According to some longtime paddlers, more people should invest in a touring board to enjoy the speed and range they provide. We don't disagree, cruising along at a good clip is a satisfying experience. If this sounds interesting, take a look at the Red Paddle Co Voyager, our top pick for touring.

Flat Water Recreation Board

— These are the all-around boards. They are typically wide, stable, and 10-12 feet. They are the best boards for choppy water and can be fun for a variety of paddling activities. They are not particularly fast compared to race boards, but they are faster than a surfing paddle board shape. Prices are $500-2500.

Recreational boards are middle of the road options that are great for beginner and intermediate paddlers looking to have a good time. If that sounds like you, take a look at our Editor's Choice, the Hala Carbon Straight Up. We love the quality and versatility of this board. It has an on-deck cargo system, extra D rings, comfortable handle straps, and three easy to remove/secure fins. This board also has a pump hose with universal ends.

Surfing Paddle Board

— This is a surfboard on steroids. It has the shape of a shortboard or longboard but is much thicker, wider, and usually longer. The rails are narrow to be able to cut into the wave face. Prices are typically $1000-1800.

Inflatable paddle board testing on Lake Tahoe.
Inflatable paddle board testing on Lake Tahoe.

Key Components of a SUP


Whether selecting an inflatable and or a rigid board, the first thing to consider when deciding on a SUP is its dimensions.
  • Width - Generally, the wider the board, the more stable it is. Wider boards are also slower, so racers generally have narrow boards (the back is narrower than 28 inches) while beginners typically benefit from a board that is 31 inches or wider.
  • Length - If you are looking for speed, long and narrow wins the race, but longer boards are also hard to turn. SUP surfers usually use 8-10 foot boards while racers use 12-16 foot boards. A good size for most beginning and intermediate paddlers is in the 10 to 12-foot range.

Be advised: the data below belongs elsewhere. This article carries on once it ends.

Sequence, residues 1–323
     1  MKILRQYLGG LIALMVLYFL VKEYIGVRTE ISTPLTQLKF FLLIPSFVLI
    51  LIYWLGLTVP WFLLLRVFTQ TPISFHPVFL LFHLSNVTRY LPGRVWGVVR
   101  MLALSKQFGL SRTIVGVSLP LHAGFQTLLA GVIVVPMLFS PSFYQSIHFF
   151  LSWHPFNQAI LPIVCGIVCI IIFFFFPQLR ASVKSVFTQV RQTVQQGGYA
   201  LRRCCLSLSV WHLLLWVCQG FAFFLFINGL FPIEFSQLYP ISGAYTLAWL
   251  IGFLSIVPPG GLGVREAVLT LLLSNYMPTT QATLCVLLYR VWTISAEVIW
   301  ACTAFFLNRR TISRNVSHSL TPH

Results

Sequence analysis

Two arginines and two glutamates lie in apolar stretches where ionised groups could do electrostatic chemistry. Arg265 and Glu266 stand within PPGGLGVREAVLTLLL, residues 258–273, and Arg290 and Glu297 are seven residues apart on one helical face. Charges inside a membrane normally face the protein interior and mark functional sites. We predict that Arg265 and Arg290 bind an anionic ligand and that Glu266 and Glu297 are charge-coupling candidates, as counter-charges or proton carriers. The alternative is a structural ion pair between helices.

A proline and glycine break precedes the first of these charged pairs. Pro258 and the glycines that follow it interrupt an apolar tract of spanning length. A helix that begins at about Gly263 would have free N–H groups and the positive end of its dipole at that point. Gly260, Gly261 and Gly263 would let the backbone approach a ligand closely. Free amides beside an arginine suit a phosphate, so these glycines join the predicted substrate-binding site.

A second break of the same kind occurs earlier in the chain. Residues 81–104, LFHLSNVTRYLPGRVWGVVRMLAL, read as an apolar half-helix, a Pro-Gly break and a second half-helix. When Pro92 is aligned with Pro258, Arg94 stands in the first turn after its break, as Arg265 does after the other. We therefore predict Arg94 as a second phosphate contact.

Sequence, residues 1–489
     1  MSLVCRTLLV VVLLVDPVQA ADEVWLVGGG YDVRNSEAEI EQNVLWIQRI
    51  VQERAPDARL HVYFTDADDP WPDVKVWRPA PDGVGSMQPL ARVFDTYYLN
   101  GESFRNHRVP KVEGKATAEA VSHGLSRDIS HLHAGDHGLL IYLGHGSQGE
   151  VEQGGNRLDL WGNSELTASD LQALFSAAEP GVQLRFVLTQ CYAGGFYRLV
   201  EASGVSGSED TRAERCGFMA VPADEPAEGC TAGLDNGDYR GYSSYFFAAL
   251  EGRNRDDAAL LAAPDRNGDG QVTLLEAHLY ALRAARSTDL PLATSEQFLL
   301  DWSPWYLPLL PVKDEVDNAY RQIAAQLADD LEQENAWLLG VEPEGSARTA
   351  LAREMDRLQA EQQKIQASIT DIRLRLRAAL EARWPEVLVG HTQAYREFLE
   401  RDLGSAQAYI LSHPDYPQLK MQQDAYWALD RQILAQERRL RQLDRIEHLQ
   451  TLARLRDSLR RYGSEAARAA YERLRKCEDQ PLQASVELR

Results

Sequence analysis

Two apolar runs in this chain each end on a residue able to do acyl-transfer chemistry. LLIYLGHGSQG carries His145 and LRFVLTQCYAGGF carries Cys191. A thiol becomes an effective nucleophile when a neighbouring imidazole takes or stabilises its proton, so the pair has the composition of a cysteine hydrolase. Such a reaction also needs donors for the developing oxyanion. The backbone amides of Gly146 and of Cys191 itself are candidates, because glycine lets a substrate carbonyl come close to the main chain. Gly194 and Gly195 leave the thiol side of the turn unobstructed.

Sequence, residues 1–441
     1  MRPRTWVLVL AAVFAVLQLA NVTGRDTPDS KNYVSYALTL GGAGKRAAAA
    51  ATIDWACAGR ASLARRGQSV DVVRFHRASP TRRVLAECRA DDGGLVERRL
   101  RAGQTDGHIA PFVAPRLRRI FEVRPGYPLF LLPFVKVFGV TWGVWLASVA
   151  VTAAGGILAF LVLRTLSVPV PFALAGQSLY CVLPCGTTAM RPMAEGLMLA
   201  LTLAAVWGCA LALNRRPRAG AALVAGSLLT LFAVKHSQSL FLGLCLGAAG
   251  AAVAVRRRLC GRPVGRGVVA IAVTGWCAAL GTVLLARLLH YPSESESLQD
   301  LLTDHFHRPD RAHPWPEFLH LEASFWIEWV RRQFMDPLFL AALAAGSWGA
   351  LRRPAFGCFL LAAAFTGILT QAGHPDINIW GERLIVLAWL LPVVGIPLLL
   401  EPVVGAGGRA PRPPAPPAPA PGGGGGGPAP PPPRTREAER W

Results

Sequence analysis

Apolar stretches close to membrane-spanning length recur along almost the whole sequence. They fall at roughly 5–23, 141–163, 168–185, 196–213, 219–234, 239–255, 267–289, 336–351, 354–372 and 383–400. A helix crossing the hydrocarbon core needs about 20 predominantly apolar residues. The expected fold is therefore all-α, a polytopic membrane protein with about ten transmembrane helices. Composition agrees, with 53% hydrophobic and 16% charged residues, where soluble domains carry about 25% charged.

• Thickness - Thickness relates to how well a board floats and it has a special importance when it comes to inflatable boards. As a general rule, if an inflatable paddle board is less than six inches thick, it feels like you're standing on Jell-O.

Example of different amounts of nose rocker.
Example of different amounts of nose rocker.
  • Nose Rocker - Nose rocker is how far the front of the board pulls up. It's an important metric if you are surfing; too little rocker and the board wants to pearl or submerge its nose like a submarine. Nose rockers are also helpful to improve the maneuverability of a board.
  • Hull shape - Race boards have a displacement hull similar to the bottom of a sailboat. Most other boards have a flat bottom similar to the bottom of a barge. A flat bottom makes the board more stable and easy to turn. Displacement hulls have a more pointed nose, which enables them to slice through water more efficiently than a board that has a planing hull. Displacement hulls make for fast boards that are good for going long distances or for racing, but they are not as stable as a planing hull and can be more tippy. A planing hull is more rounded on the nose and wider than displacement hulls, making them better for beginners or an all-around board.
  • Rails - Rails are the sides of a paddle board. They are pretty much only important if you are surfing and you need rails to carve into the face of the wave.